It was “a bank sprint, not a bank run, and social media played a central role in that,” Michael Imerman, a professor at the Paul Merage School of Business at the University of California-Irvine, told The Guardian.

The collapse of SVB was the second-biggest bank failure in U.S. history.

In an environment of high interest rates, in which longer-dated securities have dropped in value, many U.S. banks have unrealized losses on their bond holdings.

FDIC chair Martin Gruenberg warned recently that U.S. banks are sitting on unrealized losses on their bond holdings of about $620 billion.

“Unrealized losses on securities have meaningfully reduced the reported equity capital of the banking industry,” he said.

When banks have unrealized losses, it weakens their ability to meet unexpected liquidity needs because they generate less cash when sold and because their sale often reduces the amount of regulatory capital.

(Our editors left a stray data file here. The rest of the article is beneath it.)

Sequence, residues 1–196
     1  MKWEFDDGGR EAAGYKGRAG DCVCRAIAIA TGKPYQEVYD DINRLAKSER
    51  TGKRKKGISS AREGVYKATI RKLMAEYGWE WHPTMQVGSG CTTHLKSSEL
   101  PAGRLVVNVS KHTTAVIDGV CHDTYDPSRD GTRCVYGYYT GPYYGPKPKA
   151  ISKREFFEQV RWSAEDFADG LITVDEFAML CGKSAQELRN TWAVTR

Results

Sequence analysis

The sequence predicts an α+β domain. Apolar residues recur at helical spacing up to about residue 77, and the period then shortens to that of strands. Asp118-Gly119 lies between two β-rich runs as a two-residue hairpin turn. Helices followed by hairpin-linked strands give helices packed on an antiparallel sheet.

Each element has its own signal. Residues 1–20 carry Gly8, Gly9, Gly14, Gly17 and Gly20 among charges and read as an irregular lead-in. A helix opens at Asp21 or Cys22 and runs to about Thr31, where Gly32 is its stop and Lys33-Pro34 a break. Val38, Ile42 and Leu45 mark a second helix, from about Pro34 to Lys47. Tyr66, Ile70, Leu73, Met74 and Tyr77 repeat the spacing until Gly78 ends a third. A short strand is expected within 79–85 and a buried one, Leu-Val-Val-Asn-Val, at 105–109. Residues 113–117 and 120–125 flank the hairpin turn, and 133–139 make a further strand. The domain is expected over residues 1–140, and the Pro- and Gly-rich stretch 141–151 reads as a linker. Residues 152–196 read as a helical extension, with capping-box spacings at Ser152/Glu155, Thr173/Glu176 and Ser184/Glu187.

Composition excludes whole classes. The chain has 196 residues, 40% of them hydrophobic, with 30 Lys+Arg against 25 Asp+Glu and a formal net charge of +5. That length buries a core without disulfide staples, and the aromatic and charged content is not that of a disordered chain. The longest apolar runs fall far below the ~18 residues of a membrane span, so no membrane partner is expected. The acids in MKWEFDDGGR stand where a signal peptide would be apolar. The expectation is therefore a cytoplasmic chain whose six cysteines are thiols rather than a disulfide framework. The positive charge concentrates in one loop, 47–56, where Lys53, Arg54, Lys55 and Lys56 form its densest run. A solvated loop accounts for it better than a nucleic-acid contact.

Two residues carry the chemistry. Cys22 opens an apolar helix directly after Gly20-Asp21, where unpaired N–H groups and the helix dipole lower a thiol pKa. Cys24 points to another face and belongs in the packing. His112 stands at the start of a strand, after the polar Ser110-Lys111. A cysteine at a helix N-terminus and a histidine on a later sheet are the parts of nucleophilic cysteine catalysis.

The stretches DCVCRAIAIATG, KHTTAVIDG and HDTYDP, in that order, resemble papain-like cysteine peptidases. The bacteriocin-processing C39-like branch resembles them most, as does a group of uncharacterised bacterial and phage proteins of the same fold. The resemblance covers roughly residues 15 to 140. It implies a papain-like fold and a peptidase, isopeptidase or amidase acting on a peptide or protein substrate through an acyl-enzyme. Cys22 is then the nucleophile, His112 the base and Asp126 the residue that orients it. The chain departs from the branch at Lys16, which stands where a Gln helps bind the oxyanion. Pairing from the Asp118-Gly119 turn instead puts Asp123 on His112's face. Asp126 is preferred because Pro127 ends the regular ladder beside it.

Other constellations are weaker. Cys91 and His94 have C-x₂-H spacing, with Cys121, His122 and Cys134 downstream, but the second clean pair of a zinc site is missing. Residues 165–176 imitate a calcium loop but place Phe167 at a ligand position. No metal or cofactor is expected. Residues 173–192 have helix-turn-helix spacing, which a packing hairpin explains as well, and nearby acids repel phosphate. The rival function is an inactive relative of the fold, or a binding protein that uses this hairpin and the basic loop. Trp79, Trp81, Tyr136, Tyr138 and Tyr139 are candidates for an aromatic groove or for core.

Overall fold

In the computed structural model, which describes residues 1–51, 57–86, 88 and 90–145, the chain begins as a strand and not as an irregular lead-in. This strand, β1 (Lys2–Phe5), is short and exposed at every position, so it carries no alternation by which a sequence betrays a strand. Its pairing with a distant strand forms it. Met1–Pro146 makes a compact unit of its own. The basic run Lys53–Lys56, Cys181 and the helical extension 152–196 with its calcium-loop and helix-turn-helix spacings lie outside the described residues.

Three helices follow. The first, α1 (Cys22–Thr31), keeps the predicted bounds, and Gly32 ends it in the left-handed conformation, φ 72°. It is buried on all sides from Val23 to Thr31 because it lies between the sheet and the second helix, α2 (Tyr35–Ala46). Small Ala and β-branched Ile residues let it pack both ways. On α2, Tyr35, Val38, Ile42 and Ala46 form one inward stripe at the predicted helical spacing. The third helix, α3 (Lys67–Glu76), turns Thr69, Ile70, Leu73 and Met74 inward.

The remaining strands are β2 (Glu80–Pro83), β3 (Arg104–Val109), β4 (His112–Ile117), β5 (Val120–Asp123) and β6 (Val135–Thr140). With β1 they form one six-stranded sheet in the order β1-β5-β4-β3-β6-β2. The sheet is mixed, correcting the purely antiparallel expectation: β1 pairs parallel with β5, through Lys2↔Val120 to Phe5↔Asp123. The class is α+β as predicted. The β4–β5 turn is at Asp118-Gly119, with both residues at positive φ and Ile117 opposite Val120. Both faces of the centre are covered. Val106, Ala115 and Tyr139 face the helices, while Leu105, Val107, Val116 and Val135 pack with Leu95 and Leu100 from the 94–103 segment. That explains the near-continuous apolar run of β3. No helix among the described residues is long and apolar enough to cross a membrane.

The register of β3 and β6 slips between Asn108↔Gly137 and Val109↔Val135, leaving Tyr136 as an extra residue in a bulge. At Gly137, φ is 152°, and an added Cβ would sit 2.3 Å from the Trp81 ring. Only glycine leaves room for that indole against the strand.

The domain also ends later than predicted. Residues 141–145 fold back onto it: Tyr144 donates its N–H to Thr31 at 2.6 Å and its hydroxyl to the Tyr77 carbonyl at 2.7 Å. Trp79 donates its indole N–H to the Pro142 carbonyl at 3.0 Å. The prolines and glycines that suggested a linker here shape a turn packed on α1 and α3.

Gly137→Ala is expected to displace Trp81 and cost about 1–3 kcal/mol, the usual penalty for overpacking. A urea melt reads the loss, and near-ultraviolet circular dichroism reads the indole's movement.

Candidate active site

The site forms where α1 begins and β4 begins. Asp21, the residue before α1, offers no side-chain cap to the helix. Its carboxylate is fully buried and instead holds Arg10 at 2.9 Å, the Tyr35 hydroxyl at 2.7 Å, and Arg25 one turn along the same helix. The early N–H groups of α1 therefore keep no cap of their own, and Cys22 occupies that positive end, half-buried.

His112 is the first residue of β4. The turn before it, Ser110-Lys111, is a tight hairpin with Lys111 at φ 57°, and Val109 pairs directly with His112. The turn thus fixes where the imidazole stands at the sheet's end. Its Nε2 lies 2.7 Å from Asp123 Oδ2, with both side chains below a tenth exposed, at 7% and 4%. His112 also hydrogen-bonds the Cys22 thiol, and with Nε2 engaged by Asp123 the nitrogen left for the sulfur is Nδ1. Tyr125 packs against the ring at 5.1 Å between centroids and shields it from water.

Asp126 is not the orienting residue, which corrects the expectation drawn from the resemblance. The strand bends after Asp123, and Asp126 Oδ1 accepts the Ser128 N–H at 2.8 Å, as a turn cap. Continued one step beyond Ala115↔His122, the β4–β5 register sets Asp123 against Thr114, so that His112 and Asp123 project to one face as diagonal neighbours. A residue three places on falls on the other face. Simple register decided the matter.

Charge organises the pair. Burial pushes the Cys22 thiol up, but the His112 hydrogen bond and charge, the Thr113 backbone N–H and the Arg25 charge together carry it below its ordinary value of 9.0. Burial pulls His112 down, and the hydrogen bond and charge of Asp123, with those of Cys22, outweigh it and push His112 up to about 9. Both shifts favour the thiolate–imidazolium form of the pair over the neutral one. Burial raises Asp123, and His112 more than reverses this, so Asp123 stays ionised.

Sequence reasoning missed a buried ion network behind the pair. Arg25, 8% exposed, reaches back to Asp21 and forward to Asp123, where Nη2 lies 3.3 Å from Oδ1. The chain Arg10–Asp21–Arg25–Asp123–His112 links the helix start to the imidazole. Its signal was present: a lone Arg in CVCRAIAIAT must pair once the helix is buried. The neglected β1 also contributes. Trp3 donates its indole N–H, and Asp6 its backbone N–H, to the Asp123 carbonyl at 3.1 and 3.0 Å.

However, Gruenberg noted that banks in the country are “generally in a strong financial condition and have not been forced to realize losses by selling depreciated securities.”

At Wednesday’s press conference, Powell insisted that the overall U.S. banking system is “sound and resilient” as it maintains strong capital and liquidity conditions.

Powell noted that the central bank took decisive actions along with Treasury and the FDIC and that U.S. financial authorities are ready to take further action if the need arises.

“We will continue to closely monitor conditions in the banking system and are prepared to use all of our tools as needed to keep it safe and sound,” Powell said.

“In addition, we are committed to learning the lessons from this episode and to work to prevent events like this from happening again.”

The Fed’s decision to hike rates brings the federal funds rate to a range of 4.75–5.00 percent.

Looking ahead to the central bank’s next policy meeting in May, the futures market is predicting another quarter-point jump.

READ MORE: Elon Musk Humiliates Biden for Trying to Brag about Admin: ‘The Banks Are Melting’

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By Nick R. Hamilton

Nick has a broad background in journalism, business, and technology. He covers news on cryptocurrency, traditional assets, and economic markets.